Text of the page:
The other blog I like is the Is the New Jersey plastic bag ban enough?, I enjoyed this one because this post is about how instead of using plastic bags to hold in our purchased items, we use canvas bags. I remember one time when I was in middle school my teacher assigned the class to create a utopian society. My society was called Recycleania and in this project I talk about how my society is a democratic government with environmentally based laws. There is a part in this assignment where I talk about the stores selling environmentally friendly cups and plates and how the bag customers put their items in must be canvas bags. Learning that this was already done in California and Hawaii and the discussion of the same or similar happening in this state I couldn’t help but feel quite shocked that my young self was ahead of the times looking back.

The last post I enjoyed was coincidentally the one about the visit at the Watershed Institute. watershed instituteIn this particular blog I talk about how this place was the best fit for a final assignment, it captured everything I talked about in this entire blog and similar to how I talked about my content into this one place. It was also true to its nature and how its creation is environmentally based.Winston Churchill quote.JPG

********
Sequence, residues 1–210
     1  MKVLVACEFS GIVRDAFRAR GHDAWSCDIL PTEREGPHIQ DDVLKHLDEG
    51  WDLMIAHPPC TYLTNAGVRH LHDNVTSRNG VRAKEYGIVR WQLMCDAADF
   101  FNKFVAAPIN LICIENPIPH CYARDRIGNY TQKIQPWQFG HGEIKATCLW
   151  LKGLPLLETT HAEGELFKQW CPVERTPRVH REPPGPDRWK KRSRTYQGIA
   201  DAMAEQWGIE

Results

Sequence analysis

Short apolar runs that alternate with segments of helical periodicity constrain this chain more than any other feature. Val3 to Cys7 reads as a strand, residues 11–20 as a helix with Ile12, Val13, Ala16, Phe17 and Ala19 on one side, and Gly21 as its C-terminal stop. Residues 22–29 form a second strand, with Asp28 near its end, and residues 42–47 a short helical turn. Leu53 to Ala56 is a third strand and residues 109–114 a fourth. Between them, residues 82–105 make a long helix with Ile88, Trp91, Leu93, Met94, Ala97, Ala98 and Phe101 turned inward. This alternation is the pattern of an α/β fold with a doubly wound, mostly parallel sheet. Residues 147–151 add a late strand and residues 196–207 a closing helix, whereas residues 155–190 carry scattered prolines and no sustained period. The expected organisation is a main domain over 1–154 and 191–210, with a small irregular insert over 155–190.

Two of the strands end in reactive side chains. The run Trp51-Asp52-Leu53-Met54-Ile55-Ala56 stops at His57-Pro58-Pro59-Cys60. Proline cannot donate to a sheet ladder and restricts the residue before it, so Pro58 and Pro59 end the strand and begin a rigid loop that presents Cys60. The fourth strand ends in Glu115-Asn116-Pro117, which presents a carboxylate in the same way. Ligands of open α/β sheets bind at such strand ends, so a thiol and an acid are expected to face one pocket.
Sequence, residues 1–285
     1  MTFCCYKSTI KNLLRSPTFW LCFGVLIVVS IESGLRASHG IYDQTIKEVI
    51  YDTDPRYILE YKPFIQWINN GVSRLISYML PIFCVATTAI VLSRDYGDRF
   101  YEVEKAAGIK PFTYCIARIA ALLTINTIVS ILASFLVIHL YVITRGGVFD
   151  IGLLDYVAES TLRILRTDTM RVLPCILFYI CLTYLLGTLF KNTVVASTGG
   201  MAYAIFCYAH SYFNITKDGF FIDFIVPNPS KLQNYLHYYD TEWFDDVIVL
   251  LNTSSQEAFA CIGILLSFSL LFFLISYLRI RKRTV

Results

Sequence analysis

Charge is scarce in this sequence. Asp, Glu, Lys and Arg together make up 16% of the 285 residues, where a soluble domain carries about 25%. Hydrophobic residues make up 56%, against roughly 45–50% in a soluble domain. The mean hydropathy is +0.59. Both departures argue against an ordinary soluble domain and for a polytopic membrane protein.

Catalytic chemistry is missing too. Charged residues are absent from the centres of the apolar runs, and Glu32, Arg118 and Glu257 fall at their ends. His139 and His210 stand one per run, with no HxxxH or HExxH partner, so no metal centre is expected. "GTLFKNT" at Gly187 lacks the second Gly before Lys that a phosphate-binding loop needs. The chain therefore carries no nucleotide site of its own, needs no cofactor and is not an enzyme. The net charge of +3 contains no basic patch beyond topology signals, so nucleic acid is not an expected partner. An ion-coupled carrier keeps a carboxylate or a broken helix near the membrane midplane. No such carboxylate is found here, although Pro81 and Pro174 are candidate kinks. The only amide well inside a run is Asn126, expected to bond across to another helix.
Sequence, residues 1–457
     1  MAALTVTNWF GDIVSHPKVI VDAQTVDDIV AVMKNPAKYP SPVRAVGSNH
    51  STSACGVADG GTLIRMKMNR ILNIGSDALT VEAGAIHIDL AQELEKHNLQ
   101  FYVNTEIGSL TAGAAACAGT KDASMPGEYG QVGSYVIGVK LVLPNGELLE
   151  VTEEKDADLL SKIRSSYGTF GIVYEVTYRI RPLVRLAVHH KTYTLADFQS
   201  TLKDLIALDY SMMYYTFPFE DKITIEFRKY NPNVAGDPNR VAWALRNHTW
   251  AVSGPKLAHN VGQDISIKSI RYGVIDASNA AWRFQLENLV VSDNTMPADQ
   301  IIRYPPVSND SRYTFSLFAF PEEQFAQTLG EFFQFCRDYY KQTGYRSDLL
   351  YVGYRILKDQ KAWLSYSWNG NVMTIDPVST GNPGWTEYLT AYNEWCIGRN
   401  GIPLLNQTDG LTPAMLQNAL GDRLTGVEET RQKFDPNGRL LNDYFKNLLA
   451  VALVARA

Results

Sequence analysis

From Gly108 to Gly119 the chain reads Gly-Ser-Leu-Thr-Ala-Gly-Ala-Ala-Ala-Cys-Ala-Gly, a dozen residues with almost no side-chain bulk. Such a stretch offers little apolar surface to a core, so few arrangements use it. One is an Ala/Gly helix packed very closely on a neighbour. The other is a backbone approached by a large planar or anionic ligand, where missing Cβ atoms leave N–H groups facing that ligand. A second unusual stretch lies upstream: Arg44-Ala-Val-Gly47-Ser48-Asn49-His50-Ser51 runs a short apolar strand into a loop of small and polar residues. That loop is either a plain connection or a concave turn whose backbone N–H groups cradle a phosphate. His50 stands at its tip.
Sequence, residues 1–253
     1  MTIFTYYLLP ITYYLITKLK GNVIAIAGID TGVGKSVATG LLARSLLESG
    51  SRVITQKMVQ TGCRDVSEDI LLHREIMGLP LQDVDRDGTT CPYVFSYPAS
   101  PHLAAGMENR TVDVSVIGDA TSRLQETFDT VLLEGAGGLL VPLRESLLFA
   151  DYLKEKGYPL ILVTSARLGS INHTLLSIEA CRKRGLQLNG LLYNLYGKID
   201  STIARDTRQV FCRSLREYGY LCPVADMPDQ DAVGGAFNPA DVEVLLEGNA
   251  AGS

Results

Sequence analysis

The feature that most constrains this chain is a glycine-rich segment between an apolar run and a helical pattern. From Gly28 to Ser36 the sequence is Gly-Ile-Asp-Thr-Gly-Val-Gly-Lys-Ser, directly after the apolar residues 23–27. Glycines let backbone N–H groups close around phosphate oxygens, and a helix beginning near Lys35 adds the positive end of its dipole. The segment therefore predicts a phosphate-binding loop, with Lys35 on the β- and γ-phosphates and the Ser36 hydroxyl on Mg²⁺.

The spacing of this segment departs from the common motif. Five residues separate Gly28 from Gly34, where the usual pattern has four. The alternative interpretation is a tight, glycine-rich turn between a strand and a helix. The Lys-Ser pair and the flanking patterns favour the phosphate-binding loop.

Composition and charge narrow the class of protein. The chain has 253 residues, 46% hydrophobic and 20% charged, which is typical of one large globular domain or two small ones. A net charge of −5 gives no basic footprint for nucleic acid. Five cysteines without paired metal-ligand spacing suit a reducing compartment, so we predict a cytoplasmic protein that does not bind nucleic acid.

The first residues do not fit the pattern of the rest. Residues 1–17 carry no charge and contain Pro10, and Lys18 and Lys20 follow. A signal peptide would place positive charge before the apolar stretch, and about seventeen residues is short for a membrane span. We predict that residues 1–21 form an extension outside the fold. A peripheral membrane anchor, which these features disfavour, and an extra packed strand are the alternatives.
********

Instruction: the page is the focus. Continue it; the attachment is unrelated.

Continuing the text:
Now, even though this is titled my farewell post I honestly am not sure if this is the end. I will be busy doing other things to where I may not so much time for blogging. Also, there is more to talk about other than what is going on in New Jersey. Maybe I’ll branch out and expand into other locations and I know there is so much things to talk about in regards of the environment. This is at least goodbye for now and a thank you to all of those who have liked, commented, followed, and even shared my posts its all very much appreciated.




Watershed Institute

 I visited the The Watershed Center for Environmental Advocacy, Science & Education and this center is a LEED- Platinum facility. It incorporates an array of “green” strategies to conserve and manage water and energy. Their goal is to work and maintain healthy water in Central New Jersey through conservation, advocacy, science, and education. They provide environmental education to thousands of children and adults and it features a variety of exhibits and live animal displays and hosts hundreds of environmental programs and events each year. 

Watershed building
Keeping central New Jersey’s water clean, safe and healthy since 1949.